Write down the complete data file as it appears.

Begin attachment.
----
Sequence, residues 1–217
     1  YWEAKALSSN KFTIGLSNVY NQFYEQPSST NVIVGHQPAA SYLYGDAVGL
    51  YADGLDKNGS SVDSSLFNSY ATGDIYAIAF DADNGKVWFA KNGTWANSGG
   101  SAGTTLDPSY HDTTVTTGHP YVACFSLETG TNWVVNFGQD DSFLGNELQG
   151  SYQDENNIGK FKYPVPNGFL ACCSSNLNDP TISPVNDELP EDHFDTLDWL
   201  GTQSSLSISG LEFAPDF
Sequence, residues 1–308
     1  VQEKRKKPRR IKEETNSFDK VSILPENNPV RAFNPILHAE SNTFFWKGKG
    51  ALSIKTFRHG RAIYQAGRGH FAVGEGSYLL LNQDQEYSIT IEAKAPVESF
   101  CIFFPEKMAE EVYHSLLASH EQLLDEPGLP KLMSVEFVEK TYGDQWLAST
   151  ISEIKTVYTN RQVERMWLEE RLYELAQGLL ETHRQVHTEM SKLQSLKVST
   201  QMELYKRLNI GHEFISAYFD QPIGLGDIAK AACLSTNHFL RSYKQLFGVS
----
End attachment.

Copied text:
Sequence, residues 1–217
     1  YWEAKALSSN KFTIGLSNVY NQFYEQPSST NVIVGHQPAA SYLYGDAVGL
    51  YADGLDKNGS SVDSSLFNSY ATGDIYAIAF DADNGKVWFA KNGTWANSGG
   101  SAGTTLDPSY HDTTVTTGHP YVACFSLETG TNWVVNFGQD DSFLGNELQG
   151  SYQDENNIGK FKYPVPNGFL ACCSSNLNDP TISPVNDELP EDHFDTLDWL
   201  GTQSSLSISG LEFAPDF
Sequence, residues 1–308
     1  VQEKRKKPRR IKEETNSFDK VSILPENNPV RAFNPILHAE SNTFFWKGKG
    51  ALSIKTFRHG RAIYQAGRGH FAVGEGSYLL LNQDQEYSIT IEAKAPVESF
   101  CIFFPEKMAE EVYHSLLASH EQLLDEPGLP KLMSVEFVEK TYGDQWLAST
   151  ISEIKTVYTN RQVERMWLEE RLYELAQGLL ETHRQVHTEM SKLQSLKVST
   201  QMELYKRLNI GHEFISAYFD QPIGLGDIAK AACLSTNHFL RSYKQLFGVS